Bill wants to know how to back up his programs when he backs up his data. Leo says don't. It's problematic and rather difficult to do that, plus it'll take up a lot of space. What Leo recommends is to image the drive and use that as a backup. He can then blast it back onto the hard drive whenever he needs. Here are a few imaging programs to try:
Ted has an external hard drive that his laptop cannot read, even though the computer can see the drive. Leo says that since the computer can see the drive, the USB connection is working. So it's likely the drive is corrupted. He can crack open the external case, and Leo recommends going to iFixIt.com and input his drive model to find out how to fix it. Then he can connect it directly and run something like SpinRite to see if he can repair it.
Chip has a failed hard drive and doesn't really want to spend over $500 to repair it. Is there a way to do it himself? Leo says that a hard drive dying can mean a lot of things. It could be a hardware failure or it could be a software failure. It could be a corrupt sector on the boot record. Software failures are easy to fix and inexpensive. Hardware failures will cost a lot. Drivesavers charge a lot because they have a clean room with all the parts, and can replace bad parts and recover the data.
Bonnie bought a new computer and when she plugged in her external hard drive, it said it was empty. Leo says that if she still has the old system, she should plug the hard drive back in and see if the files are there. If not, then something went wrong and she didn't back up her data as she thought. That's why it's always a good idea to keep the old system around for awhile until she's moved everything over. Windows 10 should be able to see the files from that XP drive no problem.
Lincoln wants to know if there's a computer he can buy that doesn't come with any trialware? Leo says that most computer companies do this to offset the cost of manufacturing them. Even Microsoft will bundle trialware in the install. Leo advises uninstalling all that stuff from the very beginning. Leo says that Microsoft is edging towards putting advertising in the OS through popups, and that's a bad thing. So Lincoln should get rid of it all, and install only the programs he always uses, then create a stock Windows install by making an image copy that he can boot up to just in case.
Henry's computer recently had a hard drive failure. After a few tries, it started up again. Leo says that the hard drive is dying and he should backup that data immediately before he turns it off again and then replace the hard drive. He should also check the cables and reseat them. Maybe they came loose.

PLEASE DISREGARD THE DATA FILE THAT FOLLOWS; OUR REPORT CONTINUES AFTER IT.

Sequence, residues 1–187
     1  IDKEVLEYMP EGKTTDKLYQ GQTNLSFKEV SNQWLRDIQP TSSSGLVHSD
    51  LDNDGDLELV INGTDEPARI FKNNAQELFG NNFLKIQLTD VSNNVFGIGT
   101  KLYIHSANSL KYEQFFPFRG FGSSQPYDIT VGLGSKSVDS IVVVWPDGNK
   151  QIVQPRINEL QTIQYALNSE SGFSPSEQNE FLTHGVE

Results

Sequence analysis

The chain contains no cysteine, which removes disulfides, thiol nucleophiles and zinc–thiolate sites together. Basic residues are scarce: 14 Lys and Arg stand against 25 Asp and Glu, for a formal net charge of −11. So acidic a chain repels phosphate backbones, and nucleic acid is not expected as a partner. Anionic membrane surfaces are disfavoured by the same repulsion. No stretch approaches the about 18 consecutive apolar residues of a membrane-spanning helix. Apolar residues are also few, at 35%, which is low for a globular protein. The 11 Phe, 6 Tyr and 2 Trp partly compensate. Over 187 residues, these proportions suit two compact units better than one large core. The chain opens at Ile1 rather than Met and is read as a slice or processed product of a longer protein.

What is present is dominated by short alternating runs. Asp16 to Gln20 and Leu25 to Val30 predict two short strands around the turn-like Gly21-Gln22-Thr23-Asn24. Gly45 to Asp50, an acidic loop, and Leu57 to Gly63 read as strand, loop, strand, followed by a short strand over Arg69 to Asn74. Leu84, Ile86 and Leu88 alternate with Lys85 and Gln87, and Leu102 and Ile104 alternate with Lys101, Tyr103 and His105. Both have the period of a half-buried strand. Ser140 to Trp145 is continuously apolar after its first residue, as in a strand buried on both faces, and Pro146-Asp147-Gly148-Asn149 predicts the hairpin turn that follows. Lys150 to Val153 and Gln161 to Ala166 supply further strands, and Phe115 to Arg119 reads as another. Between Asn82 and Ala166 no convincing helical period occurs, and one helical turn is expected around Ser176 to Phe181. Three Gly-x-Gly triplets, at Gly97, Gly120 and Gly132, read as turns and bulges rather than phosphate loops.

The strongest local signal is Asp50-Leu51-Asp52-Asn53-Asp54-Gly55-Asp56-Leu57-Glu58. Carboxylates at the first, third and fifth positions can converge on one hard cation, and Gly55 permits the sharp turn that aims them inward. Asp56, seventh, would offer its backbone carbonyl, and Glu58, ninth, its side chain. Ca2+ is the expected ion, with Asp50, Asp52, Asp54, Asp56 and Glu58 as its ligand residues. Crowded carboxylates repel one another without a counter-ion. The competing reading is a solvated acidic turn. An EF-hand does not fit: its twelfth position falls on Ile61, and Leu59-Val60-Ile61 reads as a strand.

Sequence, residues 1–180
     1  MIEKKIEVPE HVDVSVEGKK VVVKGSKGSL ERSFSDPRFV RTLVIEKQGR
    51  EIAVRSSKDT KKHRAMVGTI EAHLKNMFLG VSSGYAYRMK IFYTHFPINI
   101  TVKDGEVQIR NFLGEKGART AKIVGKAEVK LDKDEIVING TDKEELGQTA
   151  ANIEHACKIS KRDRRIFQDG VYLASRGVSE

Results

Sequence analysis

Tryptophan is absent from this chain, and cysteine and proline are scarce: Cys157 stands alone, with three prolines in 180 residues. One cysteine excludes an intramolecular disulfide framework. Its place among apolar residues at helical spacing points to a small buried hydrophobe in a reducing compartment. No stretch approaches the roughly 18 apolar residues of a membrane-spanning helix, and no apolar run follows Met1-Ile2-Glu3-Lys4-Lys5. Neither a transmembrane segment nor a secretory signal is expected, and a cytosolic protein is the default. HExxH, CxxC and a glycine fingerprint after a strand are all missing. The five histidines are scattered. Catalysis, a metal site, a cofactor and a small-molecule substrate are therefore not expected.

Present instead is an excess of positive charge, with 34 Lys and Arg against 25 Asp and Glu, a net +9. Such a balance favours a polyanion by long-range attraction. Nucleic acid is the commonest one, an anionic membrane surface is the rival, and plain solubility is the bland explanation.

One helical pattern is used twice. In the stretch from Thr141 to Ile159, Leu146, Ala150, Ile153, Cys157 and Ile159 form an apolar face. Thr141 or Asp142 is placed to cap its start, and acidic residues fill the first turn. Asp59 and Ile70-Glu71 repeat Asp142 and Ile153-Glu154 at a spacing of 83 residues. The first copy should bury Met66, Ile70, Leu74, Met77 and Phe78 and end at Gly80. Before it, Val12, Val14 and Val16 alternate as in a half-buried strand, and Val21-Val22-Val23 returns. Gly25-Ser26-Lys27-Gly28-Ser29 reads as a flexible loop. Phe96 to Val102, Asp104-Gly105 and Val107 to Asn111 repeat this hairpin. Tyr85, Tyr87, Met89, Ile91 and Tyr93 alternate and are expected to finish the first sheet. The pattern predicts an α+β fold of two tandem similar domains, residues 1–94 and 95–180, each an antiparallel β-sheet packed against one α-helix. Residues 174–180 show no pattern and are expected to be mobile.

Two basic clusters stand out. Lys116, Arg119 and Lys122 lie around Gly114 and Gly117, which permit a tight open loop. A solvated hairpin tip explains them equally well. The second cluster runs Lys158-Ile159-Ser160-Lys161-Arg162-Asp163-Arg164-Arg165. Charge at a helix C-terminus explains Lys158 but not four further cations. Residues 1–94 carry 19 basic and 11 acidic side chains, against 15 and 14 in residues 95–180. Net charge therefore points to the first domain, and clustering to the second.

Angelo bought a Toshiba Laptop with Office 365 and One Drive backup in 2013. When he started to back it up to the cloud, he bought a second computer and now he's lost a lot of data because files were removed when syncing to the secondary computer. So it's deleting files off his original computer. Microsoft doesn't know what to do about it. Leo says that's a good reason to have more than one backup. One Drive is not a backup. It's a file sync system that matches two folders, or two hard drives to make them equal. That means syncing deletes as well as copying files.
Ron bought a new computer, he imaged the drive on his old one, but Office didn't work when he restored a backup to the new PC. Leo says that he has to have the discs in order to update the software and install it. That's why these days software companies have him download the software, so he can install them with a simple download. Life is easier that way.
John upgraded to Windows 10 on his desktop and his images are missing. Leo says this is a prime reason why you should always backup before doing an upgrade. John did, but he's still wondering what happened? Leo says it's been reported by several people and Leo says he hopes the photos were moved to another folder. It's possible that the images are in a 'Windows.old' folder or that the shared folder pointed to another folder that got deleted. Either way, it's bad behavior on the part of microsoft.
Dave has gotten a notice that he will be upgraded to Windows 10 on a certain date unless he cancels it. So he did. Leo says that Microsoft is really pushing for users to upgrade to Windows 10, whether they want it or not, and less savvy computer users may find they've been upgraded without their notice. It's pretty nefarious. Users do need to agree to the EULA to use it, but that's after Microsoft has installed it and if you don't want Windows 10, you'll have to uninstall it.